The Anonymous Dad

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Recent headlines about donor Simon Watson have brought certain issues to light. Whilst sperm donation is a proven and potentially necessary method of conception amongst infertile women, it may be less advantageous for donors.

Do men, specifically sperm donors, face implicit emasculation? Is the role of the father in society being exploited today?

It is estimated that one in seven couples have problems conceiving and that around 2000 babies in the UK are born each year using donated sperm.

But some experts see sperm donation as an ethical minefield, especially in terms of anonymity: although legislation allows children to trace their biological fathers, donors themselves are not actually obliged to reveal their identity unless traced. From the outset, donors only have to reveal their eye and hair colour and ethnic origin, as seen on Xytex.com, an online sperm bank, in order to biologically father a child.

So, is sperm donation virtually anonymous, and what is the role of the sperm donor after insemination?

Donor Simon Watson, who has been interviewed in the Daily Mail, helps answer this question. Watson admitted that he did not know much about his possible offspring, only knowing their vague collective whereabouts from Australia to Spain. And more tellingly, he admits he has “absolutely no desire” to know how many children his sperm has produced.

Well, we could be forgiven for sharing Watson’s initial acceptance that he does not need to know where all of his children are. The Human Fertilisation and Embryology Authority makes it clear that sperm donors are not expected to financially provide for any offspring and evidently, Watson feels no need to trace his children. Therefore, sperm donation is essentially still anonymous even despite legislation enabling children to trace their biological father. Sperm donors are not required to be interested in their children’s lives. For some experts, this is to be expected, as sperm donation does – and should – not equate to fatherhood.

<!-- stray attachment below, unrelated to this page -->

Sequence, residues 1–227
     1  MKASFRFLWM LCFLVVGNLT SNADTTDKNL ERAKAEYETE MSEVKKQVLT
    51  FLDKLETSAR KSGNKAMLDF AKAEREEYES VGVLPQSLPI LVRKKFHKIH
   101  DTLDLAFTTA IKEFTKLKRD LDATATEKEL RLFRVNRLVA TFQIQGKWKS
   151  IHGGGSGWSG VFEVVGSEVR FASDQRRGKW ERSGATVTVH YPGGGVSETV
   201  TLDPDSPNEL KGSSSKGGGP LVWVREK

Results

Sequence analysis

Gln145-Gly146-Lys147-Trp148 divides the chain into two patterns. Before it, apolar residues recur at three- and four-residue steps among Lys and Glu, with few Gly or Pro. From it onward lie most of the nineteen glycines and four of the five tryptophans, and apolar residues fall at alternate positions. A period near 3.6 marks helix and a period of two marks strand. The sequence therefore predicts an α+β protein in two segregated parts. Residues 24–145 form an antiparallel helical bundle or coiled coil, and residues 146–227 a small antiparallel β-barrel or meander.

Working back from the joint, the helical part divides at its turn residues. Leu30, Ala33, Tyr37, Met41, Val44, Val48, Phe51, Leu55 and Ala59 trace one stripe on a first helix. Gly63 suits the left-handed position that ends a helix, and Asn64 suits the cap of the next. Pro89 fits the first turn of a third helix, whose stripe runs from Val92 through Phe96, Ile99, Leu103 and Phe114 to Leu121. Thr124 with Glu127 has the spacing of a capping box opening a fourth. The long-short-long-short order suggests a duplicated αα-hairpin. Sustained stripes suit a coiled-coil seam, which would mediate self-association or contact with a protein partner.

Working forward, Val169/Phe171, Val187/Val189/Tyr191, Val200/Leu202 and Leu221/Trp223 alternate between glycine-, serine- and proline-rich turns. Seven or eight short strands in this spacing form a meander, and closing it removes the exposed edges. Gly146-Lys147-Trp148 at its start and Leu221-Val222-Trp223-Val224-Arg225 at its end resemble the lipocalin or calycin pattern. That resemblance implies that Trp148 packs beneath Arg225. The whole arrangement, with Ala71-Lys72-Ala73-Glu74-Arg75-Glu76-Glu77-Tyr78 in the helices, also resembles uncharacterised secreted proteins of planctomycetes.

In juxtaposition, some cannot help but ask whether this is paving the way for the rise of the anonymous Dad.

Watson has “absolutely no desire” to contact his children. His worryingly altruistic (but perhaps expected) attitude helps highlights the controversy with sperm donation.

We all know that a sperm donor is simply that; a donor, yet it seems to completely undermine the importance of responsibility and care that a biological father could really offer.

As The Times puts it, “many children conceived by donor sperm have grown up angry and confused” with the absenteeism and confusion over their own conception by sperm donation. Legislation allowing children to trace their biological fathers is leading to a frustrating state of affairs. Even once the child has found his or her biological father, they are not legally able to expect any emotional or financial support from him.

So, Simon Watson thinks “there’s no point in worrying about things in the future, which may never happen”. But maybe ignorance should not be bliss after all.

Perhaps the problematic issue of paternal responsibility through sperm donation should be addressed before an “angry and confused” generation of children demand what their donors cannot offer … the emotional and financial support of a biological father.  

 

What do you think? Comment below or email labeleditor@lufbra.net with your thoughts.

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